DALLAS, TX - MARCH 01:  Deron Williams #8 of the Dallas Mavericks during the first half at American Airlines Center on March 1, 2016 in Dallas, Texas.   NOTE TO USER: User expressly acknowledges and agrees that, by downloading and or using this photograph, User is consenting to the terms and conditions of the Getty Images License Agreement.  (Photo by Ronald Martinez/Getty Images)
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Deron Williams will be back with the Dallas Mavericks next season — and be ready to go by the start of the season.

He’d like to say he’d be back for the next few seasons, but coming off a Sports Hernia injury his options were a little limited. However, his recovery is going well he told NBC Dallas in an interview from American Century Championships celebrity golf tournament in Lake Tahoe (which you can watch this weekend on NBC).

“Feeling really good. It’s healing pretty well, I’m doing a lot of work on and off the court. I haven’t got the full-go clearance yet, but that’s coming soon. I’ll be ready to go definitely by the time training camp rolls around.

“I’m running, I’m jumping a little bit. I’m just not going crazy. I kind of have to wait for August 1 for that, to go see the doc and get the go ahead. But it’s not much restriction right now.”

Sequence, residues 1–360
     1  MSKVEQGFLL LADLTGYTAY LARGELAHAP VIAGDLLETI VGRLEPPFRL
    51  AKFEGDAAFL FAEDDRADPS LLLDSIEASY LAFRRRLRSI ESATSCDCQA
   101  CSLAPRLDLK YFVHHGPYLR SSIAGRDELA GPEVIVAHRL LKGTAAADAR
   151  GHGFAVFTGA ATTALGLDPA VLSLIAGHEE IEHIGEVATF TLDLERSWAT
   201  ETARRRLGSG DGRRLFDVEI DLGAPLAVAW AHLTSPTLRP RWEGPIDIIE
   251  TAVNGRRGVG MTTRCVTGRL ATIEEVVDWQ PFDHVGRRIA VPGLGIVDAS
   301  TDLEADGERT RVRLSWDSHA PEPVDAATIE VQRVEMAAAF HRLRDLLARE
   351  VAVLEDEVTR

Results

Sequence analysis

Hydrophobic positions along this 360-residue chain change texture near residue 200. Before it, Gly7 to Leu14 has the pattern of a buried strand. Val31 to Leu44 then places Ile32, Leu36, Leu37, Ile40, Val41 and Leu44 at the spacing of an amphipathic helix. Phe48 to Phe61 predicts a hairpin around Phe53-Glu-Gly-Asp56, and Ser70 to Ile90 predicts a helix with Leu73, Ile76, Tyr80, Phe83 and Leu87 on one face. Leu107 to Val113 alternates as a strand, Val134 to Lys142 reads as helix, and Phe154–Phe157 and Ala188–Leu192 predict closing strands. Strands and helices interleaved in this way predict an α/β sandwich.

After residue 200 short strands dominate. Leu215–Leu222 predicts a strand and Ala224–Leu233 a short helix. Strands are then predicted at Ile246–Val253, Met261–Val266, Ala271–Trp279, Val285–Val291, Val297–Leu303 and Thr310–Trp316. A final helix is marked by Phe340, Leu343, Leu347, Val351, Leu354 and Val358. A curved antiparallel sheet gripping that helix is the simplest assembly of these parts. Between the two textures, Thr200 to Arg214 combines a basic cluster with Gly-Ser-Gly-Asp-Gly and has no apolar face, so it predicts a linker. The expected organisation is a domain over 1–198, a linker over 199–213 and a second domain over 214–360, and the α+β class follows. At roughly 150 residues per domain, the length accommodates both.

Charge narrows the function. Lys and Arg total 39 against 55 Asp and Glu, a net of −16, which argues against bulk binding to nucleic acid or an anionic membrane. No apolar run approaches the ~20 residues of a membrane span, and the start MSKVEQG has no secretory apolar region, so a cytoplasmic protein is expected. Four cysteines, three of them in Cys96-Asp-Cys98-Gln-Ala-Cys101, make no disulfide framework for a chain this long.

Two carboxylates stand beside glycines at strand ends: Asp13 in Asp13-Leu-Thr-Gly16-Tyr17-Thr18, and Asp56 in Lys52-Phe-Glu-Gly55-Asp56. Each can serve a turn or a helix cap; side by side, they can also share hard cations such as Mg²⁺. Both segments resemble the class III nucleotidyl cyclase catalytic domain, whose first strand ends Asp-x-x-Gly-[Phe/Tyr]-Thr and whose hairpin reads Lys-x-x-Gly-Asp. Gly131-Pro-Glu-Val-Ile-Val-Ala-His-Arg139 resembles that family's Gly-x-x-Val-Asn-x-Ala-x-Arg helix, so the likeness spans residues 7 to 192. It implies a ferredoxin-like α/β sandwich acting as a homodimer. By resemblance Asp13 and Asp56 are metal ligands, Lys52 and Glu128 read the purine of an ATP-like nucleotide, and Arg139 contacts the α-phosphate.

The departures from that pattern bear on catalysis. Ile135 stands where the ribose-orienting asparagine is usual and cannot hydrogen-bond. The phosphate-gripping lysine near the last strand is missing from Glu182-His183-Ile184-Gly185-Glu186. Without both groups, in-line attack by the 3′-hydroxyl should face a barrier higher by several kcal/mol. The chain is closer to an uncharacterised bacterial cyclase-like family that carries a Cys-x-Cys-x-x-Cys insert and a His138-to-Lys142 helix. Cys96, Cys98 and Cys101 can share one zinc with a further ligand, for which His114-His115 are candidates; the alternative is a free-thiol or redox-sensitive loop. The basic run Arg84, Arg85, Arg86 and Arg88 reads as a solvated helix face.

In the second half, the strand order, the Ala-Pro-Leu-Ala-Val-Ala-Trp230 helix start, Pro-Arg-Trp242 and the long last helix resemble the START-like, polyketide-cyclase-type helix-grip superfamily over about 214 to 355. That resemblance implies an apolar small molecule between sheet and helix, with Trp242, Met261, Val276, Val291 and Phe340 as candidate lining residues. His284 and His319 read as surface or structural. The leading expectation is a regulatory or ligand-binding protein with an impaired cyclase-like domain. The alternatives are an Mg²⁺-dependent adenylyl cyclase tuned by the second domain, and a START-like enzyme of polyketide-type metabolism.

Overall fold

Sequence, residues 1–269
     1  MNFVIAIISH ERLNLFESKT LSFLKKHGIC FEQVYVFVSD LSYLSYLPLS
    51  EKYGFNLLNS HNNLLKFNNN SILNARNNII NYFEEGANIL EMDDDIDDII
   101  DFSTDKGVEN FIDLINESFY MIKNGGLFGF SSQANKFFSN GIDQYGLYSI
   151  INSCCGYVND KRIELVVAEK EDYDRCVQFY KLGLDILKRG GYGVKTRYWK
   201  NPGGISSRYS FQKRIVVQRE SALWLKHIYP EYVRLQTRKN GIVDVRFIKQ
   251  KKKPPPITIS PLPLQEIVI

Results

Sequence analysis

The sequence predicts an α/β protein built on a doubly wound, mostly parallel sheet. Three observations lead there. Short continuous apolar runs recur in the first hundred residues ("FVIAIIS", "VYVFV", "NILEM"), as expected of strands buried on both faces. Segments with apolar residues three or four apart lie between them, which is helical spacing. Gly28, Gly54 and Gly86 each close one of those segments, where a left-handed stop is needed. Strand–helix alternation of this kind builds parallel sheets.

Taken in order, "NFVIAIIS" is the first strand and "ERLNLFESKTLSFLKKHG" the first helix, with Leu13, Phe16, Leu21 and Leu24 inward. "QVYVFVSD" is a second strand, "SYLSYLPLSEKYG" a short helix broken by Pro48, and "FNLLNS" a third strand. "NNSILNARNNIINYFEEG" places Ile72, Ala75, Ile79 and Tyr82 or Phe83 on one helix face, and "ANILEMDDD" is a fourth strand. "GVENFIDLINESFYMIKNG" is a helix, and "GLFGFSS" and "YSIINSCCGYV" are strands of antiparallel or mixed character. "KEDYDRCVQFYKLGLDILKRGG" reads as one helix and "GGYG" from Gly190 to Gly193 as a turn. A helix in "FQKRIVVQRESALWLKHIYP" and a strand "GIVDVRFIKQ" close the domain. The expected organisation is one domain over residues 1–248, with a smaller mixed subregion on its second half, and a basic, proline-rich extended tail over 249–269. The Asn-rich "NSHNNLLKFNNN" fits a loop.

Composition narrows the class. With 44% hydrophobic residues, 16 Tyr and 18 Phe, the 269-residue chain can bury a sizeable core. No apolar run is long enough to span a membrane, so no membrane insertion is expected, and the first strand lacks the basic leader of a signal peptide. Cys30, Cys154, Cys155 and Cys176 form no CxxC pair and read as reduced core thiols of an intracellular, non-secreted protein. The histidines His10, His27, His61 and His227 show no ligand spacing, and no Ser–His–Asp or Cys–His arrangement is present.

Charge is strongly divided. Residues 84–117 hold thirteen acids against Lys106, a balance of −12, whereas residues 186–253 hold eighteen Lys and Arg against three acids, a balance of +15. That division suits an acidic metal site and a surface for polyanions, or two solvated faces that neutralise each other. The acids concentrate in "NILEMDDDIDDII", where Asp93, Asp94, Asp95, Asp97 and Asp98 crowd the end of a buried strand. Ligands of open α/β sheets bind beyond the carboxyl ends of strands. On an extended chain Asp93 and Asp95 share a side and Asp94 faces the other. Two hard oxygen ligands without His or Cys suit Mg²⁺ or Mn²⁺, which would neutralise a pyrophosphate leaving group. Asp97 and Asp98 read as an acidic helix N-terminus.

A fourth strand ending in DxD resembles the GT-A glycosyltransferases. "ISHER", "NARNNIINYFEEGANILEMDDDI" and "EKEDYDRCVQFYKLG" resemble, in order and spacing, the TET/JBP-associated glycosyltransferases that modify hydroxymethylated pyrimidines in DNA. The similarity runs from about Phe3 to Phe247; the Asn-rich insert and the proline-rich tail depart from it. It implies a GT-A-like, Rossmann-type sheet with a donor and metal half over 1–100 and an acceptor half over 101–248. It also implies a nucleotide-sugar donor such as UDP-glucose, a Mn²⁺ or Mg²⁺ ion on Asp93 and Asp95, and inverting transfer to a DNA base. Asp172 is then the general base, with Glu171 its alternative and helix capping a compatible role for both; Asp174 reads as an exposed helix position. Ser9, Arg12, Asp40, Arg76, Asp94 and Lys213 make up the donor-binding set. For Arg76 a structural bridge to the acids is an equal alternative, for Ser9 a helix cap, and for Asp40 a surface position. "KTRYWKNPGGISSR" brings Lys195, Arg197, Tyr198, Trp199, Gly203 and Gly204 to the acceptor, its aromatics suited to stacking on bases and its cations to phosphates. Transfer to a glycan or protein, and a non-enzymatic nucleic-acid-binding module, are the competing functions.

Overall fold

Williams averaged 14.1 points and 5.8 assists per game for the Mavericks last season and was solid at 32. His efficiency slipped a little (to be expected as he is on the wrong side of 30 and has plenty of miles) but he played well for Dallas.

Dallas signed him to a one-year, $10 million deal. Williams was hoping for a little more security.

“I was happy to come back. Would have liked a little longer deal but I’m back for one year and hopefully can build on last year and improve. I think there’s room for a lot of improvement. Hopefully I can stay healthy. I think that’s the biggest key but I’m excited about this year and this team.”

The one-year deal is more about Dallas than Williams — they could see a significant shift in plans when Dirk Nowitzki steps away (he inked a two-year deal but the second year is only $5 million guaranteed, so he could be in his final run if he wants).

Dallas added Harrison Barnes and Andrew Bogut from the Warriors to a starting five that also includes Nowitzki, Williams, and Wesley Matthews. If they can stay healthy — no little thing with that group — it’s a quality starting five that coach Rick Carlisle is going to love.